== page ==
NATO ENCIRCLEMENT OF RUSSIA. The Strategic Role of the “Visegrad Four”: Poland, Hungary, Czech Republic, Slovakia
by Vladislav Gulevich
April 27, 2012
Strategic Culture Foundation – 2012-04-26
In May 2012, Chicago is to host the NATO summit. The alliance is facing the task of improving the relations within the bloc and restructuring its strategy taking into account the current crisis tendencies, which have gripped the Western world and the global challenges the West is facing. With mass media focusing on the events on the Middle East and North Africa, a threat of war against Iran and Afghanistan, Libya’s post war instability, the continuing Israeli-Palestinian conflict, the Syrian crisis, Brussels has a lot to consider. In its turn, Poland is also preparing to submit its ideas and proposals at the coming summit in Chicago.
In particular, in its foreign policy for 2012-2016 Poland pays a special attention to the Visegrad Group or the Visegrad Four (V4) (Poland, Hungary, Czech Republic and Slovakia), a military and political bloc, which was established in 1991. When V4 signed its joint declaration on striving for their European integration, they clearly defined the political and ideological border-line where they planned to “hold back” Russia. In May 2011, the group announced plans to set up a new combat unit under the command of Poland, which was to grow into a full-fledged military and political mechanism by 2016. Formally this mechanism is expected to have the authorities which are separate from NATO.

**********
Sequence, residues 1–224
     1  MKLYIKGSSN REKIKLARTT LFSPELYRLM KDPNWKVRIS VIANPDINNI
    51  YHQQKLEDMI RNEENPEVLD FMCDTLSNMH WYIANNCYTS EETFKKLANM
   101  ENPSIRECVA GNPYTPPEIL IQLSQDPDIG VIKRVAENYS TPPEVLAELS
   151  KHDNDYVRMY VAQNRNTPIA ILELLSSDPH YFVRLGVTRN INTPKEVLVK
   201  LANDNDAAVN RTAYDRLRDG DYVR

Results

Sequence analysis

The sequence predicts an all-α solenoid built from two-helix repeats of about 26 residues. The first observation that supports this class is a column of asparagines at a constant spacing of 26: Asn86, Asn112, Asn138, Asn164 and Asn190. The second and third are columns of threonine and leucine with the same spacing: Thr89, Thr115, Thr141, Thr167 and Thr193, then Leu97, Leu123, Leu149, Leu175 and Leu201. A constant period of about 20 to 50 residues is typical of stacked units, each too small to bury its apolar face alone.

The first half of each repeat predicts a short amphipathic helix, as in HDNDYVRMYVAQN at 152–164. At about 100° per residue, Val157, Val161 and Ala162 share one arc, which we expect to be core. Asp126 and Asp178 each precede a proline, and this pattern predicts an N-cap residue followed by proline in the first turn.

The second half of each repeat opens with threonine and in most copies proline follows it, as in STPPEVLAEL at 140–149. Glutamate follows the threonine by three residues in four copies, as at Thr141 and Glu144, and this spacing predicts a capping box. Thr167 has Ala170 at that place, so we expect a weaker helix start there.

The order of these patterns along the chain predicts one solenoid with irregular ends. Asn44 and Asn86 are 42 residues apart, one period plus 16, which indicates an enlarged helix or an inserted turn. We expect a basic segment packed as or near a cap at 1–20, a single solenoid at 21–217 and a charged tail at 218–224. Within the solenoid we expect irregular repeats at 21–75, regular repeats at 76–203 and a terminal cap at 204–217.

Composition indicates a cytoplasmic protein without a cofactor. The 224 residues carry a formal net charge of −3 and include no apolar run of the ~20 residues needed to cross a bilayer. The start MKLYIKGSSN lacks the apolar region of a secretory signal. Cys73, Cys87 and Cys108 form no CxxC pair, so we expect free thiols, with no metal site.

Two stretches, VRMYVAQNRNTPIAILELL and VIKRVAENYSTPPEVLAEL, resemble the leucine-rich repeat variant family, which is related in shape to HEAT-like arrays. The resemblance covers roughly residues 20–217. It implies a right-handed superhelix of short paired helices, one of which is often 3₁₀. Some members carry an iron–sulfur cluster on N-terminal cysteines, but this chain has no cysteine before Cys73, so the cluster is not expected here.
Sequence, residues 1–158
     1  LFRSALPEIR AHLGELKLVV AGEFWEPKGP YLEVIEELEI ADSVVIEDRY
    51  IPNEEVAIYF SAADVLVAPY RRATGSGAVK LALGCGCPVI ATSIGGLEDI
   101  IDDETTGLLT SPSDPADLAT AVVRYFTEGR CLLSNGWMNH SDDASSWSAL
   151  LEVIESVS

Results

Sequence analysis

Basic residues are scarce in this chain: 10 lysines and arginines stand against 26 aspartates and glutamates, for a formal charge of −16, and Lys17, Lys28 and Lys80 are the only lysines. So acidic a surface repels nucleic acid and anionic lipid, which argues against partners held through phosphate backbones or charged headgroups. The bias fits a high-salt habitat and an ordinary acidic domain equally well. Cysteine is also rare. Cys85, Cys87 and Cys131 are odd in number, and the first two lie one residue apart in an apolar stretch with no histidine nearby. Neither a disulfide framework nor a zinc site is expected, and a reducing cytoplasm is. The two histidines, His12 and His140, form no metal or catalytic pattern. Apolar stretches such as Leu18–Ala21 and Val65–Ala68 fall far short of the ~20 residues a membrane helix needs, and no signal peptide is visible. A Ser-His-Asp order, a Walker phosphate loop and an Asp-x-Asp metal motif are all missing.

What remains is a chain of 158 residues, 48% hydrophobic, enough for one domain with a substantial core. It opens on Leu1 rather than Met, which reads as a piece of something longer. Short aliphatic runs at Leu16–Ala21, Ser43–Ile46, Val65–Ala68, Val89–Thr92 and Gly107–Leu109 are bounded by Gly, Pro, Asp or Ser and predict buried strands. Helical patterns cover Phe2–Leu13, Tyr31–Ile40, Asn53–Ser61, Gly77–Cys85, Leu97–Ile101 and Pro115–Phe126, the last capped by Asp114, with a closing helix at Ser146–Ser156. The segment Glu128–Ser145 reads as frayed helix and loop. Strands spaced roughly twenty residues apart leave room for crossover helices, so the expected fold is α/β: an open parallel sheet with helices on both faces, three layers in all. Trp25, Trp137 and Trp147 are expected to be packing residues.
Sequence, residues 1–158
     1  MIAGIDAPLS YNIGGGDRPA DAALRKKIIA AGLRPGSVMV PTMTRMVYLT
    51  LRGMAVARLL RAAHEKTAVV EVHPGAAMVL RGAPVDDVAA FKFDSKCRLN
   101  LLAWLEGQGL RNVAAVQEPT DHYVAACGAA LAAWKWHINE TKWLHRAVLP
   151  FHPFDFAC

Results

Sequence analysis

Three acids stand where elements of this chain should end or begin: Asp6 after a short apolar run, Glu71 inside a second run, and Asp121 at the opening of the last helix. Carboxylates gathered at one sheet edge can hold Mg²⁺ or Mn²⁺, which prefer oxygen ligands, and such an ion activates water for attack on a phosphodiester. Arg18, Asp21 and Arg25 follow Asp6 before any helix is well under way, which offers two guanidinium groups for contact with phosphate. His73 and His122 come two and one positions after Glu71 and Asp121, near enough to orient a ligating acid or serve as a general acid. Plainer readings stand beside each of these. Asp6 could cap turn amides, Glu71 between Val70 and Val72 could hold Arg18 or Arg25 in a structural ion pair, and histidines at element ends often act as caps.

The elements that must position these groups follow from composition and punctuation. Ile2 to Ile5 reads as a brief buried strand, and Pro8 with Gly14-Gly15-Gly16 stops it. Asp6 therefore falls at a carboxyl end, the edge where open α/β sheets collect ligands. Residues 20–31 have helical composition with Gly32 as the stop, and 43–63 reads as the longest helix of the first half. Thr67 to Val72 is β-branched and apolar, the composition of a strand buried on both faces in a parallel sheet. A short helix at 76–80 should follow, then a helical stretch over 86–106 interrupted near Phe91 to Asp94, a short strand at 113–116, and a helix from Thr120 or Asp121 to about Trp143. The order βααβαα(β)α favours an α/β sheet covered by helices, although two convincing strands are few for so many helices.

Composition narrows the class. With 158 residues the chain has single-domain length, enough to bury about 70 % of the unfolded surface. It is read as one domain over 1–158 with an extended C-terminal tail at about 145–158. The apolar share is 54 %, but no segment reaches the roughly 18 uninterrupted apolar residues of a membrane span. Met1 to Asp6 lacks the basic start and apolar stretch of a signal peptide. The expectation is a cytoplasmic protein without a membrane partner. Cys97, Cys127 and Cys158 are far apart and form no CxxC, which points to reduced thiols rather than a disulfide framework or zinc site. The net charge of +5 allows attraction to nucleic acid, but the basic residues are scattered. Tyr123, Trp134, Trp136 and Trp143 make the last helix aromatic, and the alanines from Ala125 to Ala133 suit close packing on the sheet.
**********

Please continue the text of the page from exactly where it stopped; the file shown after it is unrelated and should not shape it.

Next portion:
Already in 2013, the Visegrad Group plans to take part in the NATO Response Force military exercises. It is very important for Poland to unite the countries of the Four around itself, considering that in the second half of 2012 Poland will chair this organization. Warsaw wants to continue acting as the regional pole of power, consolidating the countries of the Eastern Europe and the Baltic region. Poland and the Baltic states have tight allied relations but Warsaw looks into the future and does not rule out that Latvia, Lithuania and Estonia will join the Visegrad Group (В 4+ format).
In April 2012, the Polish authorities organized a meeting with the Baltic allies in order to discuss this idea and to work out a common view of the strategic situation in the region. While Tallinn and Riga are willing to participate Vilnius with its attempts of “lithuanization” of Lithuanian Poles is spoiling the party. Lithuania’s president Dalia Grybauskaitė ignored the meeting of her Baltic counterparts with the Polish president. Reportedly, Poland hinted to Lithuania quite directly that if the Lithuanian authorities did not reconsider their policy with regard to the Polish minority in Lithuania, Warsaw would revise its position regarding the support of NATO’s mission on protection of the Baltic States’ air space.
Meanwhile the Baltic States are eying Scandinavia to build a North-South geopolitical axis instead of an East-West axis. Polish experts regularly recommend the government not to forget about Scandinavia and to strive for the creation of a “geopolitical bridge” between Poland and Sweden. Poland is the regional leader in Eastern Europe. Sweden is the leading Scandinavian power. The Baltic States, sandwiched between Swedes and Poles, were destined to rely on Warsaw. But Lithuania wants to depend on Poland less than on anyone else. Vilnius and Warsaw look at the history of the Polish-Lithuanian relations from different positions. Poles regard the period of the unification of Lithuania and Poland as the peak of the geopolitical power of the Polish State, while Lithuanians consider that epoch to be the time of total Polish domination in everything from the language to the legislation.